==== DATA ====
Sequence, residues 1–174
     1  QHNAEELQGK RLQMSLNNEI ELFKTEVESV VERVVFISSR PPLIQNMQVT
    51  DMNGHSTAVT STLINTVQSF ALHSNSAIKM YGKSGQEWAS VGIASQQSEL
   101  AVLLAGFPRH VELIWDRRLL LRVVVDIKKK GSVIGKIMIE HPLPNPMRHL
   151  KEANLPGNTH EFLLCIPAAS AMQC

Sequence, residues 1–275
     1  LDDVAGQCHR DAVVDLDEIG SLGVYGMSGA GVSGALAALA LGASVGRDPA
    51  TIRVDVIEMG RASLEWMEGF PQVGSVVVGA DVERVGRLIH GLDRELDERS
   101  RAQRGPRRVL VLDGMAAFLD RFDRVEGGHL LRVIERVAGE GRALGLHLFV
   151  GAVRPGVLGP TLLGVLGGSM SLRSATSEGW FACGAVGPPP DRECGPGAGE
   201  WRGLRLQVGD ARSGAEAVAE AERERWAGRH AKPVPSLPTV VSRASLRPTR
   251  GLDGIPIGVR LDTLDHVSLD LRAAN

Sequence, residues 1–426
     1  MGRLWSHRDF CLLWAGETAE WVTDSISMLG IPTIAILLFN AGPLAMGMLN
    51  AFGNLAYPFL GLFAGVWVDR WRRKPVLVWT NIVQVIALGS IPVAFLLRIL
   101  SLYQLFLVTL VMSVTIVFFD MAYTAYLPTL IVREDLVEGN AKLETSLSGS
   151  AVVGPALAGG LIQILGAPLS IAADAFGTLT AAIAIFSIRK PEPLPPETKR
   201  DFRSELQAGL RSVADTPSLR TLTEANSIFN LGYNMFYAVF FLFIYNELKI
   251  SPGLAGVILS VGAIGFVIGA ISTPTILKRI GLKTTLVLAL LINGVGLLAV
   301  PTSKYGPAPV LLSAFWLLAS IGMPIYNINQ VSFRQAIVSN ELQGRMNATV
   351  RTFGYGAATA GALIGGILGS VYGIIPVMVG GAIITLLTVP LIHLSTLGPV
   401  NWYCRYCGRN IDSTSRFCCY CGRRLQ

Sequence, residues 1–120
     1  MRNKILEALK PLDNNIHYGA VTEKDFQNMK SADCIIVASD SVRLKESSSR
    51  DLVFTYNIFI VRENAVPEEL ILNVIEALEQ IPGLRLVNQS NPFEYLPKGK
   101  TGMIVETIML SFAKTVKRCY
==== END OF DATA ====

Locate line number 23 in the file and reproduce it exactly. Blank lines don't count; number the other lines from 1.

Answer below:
Sequence, residues 1–120